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Thread: Fall traps 7 hikers on Mount Olympus

  1. #1

    Fall traps 7 hikers on Mount Olympus

    Fall traps 7 hikers on Mount Olympus
    Injuries: Rescuers ready overnight supplies for stranded group of seven

    By Nate Carlisle
    The Salt Lake Tribune

    Rescue crews Saturday night were trying to reach seven hikers hurt and stranded on Mount Olympus in eastern Salt Lake County - and preparing for the possibility the group would have to remain on a frigid slope overnight.

    The alpine hikers, all from the Salt Lake City area and members of a Korean climbing group, fell about 4 p.m. while hiking on the mountain, said Lt. Chris Bertram of the Salt Lake County Sheriff's Office.

    Three of the hikers might have severe injuries, he said, and the four others are thought to have minor injuries.

    Rescue crews began searching about 6 p.m. After a medical helicopter found the hikers 760 feet from the summit, six rescuers were airlifted onto the mountain to hike down to the stranded party.

    By 10:30 p.m., the rescuers were in voice contact with the hikers, Bertram said.

    Those rescuers were preparing an emergency plan in case any of the hikers were in critical condition and had to be removed from the mountain immediately, he said.

    Darkness prevented the use of a helicopter hoist to remove the hikers, Bertram said, but some other sort of helicopter rescue might be possible. Ideally, he said - if the injuries are not too severe - the rescue would take place this morning, in daylight.

    The group, comprising five men and two women, all between the ages of 40 and 60, had gear for a day hike. They used a cell phone to reach help.

    The hikers are at about 9,500 feet elevation on a 60-degree slope, Bertram said. Snow was not expected overnight, but temperatures were expected to dip into the single digits. Supplies, including cold-weather gear, were being prepared to be air-dropped to the group late Saturday night.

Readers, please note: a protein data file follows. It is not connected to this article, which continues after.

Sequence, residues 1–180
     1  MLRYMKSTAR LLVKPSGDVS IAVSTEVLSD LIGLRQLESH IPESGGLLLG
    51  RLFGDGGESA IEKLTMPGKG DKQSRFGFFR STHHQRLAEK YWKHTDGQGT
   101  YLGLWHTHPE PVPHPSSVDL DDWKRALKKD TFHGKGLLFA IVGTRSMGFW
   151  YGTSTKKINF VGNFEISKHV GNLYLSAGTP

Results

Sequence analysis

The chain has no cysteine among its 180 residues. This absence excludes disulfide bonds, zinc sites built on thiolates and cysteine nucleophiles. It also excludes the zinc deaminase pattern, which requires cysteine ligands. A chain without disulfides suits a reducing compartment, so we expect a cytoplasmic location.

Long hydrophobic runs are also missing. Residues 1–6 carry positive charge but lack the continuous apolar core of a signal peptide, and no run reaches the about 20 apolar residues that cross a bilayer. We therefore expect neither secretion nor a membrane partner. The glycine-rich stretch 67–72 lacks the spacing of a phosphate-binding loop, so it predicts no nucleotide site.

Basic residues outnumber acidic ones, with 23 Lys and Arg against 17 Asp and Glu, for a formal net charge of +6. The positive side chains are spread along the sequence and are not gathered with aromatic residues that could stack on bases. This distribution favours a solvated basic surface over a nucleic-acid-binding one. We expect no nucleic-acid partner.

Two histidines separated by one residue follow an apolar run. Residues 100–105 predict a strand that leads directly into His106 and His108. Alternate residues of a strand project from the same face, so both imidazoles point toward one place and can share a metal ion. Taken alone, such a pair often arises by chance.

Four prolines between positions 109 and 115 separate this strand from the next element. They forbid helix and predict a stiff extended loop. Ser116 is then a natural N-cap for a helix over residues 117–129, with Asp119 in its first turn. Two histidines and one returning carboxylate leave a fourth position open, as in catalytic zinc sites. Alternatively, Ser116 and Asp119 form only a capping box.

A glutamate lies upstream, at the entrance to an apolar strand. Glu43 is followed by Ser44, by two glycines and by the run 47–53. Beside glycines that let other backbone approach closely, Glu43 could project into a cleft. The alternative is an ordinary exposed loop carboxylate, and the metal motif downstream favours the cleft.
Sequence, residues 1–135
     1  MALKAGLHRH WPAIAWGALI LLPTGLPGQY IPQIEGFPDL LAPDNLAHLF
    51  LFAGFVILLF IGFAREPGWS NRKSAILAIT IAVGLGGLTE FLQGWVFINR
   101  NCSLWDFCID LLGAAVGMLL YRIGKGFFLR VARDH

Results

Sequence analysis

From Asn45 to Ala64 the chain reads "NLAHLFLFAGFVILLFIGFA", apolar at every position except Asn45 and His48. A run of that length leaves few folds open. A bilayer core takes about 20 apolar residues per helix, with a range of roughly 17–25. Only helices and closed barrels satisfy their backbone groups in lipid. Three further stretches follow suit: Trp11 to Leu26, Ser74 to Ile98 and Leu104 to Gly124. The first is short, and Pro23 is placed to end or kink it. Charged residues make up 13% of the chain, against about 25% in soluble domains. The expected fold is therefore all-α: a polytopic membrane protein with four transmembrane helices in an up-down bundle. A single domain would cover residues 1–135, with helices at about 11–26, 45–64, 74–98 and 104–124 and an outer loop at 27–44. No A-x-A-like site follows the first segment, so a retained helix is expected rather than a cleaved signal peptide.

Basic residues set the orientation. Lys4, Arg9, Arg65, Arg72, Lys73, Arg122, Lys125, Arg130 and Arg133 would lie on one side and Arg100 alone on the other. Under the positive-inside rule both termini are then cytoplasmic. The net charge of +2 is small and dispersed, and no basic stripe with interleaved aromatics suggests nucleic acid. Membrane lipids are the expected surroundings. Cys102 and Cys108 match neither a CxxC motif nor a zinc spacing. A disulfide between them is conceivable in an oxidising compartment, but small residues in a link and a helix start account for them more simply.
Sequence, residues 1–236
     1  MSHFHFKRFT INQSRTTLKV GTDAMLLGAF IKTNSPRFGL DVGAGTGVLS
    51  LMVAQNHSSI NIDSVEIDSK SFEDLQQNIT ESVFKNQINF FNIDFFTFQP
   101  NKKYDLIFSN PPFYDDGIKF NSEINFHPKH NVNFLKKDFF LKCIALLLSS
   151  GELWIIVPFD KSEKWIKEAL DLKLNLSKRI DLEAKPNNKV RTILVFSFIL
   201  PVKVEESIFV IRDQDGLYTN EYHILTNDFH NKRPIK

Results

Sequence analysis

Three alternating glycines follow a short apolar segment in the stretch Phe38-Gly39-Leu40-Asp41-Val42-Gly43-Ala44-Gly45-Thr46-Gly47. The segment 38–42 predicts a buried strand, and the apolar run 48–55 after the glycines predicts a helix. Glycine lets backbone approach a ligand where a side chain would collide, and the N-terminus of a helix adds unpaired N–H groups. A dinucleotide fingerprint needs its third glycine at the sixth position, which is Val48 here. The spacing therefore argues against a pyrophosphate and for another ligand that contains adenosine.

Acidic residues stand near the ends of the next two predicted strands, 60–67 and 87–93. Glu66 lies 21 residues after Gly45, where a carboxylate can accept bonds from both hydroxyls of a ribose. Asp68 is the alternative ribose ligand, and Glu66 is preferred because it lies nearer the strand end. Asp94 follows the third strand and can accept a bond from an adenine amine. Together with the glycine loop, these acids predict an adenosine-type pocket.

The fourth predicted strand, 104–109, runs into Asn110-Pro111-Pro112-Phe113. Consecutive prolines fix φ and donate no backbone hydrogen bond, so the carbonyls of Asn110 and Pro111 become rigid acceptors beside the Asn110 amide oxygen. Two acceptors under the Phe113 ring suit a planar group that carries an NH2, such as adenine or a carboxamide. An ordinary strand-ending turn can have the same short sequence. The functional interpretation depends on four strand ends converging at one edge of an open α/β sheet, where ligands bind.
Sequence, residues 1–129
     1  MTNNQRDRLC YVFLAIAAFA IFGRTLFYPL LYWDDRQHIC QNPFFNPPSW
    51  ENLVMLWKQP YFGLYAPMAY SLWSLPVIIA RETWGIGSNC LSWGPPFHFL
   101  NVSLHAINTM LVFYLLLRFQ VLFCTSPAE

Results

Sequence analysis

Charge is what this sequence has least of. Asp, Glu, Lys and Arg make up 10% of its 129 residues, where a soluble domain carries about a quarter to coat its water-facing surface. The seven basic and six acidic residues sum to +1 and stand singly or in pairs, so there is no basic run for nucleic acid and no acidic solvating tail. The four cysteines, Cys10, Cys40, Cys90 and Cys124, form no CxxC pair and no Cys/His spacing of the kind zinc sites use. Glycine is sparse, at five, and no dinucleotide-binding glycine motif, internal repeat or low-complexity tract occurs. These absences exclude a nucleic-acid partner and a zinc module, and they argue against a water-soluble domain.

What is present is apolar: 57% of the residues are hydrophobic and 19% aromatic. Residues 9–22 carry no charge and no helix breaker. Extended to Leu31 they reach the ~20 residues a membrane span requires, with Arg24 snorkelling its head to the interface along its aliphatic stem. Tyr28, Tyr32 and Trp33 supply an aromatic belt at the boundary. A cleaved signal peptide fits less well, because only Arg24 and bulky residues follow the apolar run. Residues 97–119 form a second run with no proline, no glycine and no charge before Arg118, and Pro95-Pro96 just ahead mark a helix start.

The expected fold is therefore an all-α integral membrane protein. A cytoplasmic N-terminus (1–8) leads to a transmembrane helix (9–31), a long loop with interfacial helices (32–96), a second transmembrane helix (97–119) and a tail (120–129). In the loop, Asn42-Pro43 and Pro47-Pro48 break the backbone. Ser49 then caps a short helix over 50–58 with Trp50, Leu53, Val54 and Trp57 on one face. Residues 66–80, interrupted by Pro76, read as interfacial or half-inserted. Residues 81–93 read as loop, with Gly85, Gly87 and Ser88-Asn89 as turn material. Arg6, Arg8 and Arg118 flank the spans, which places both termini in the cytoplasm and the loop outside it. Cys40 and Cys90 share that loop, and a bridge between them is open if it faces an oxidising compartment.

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  3. #2
    Helicopter Plucks Stranded Hikers Off Mt. Olympus
    January 22nd, 2006 @ 6:00pm
    Tonya Papanikolas reporting

    Rescuers and a group of stranded hikers are all safe this evening, after many of them spent a frigid night on 9,026-foot Mount Olympus.

    Three of the hikers were taken to hospitals this morning. But none of their injuries are life-threatening.

    It started Saturday morning. Seven hikers head up the Mount Olympus trail. They planned to return by 4 pm. At 6:00 police receive a call saying several of the hikers have fallen and are hurt.

    At 9 pm, search and rescue teams are flown in by helicopter. They reach the injured hikers just before midnight.

    Three of the hikers walk out overnight. But it isn't until first light this morning that helicopters are able to get in and bring the others out, after spending a long cold night on the mountainside.

    The hikers' injuries ranged from frostbite to broken bones and injuries to their arms, legs, ribs, chest and back. They'd come prepared for a day hike. They had blankets. But they hadn't eaten for about 10 hours when rescue crews reached them.

    Before 7:00 this morning, the first three stranded hikers made their way to dry ground. After snowshoeing out with half of the rescue team, they were checked out by paramedics and reunited with family. Then they got something to eat.

    In Han/ Rescued Hiker: "I am so sorry about our members, because we got in some accidents."

    The seven hikers-- part of the Korean Wasatch Mountaineering Club-- had hiked up to Mount Olympus on Saturday. But on the way back down, they somehow ended up east of the trail.

    Daniel Smith/ Search & Rescue Team: "As they came down, one by one, it was so steep that they lost their footing."

    Three of the hikers slid up to 100 feet right between the two mountain summits.

    In Han: "They fall, so first we take care of them."

    The rest of the hikers made their way down the mountain to help. After rescuers got the news, a helicopter dropped off six volunteer searchers, who had to rapel 600 feet in the dark to reach the victims.

    In Han: "The rescue team brings warm stuff-- sleeping bags, and then they keep us warm."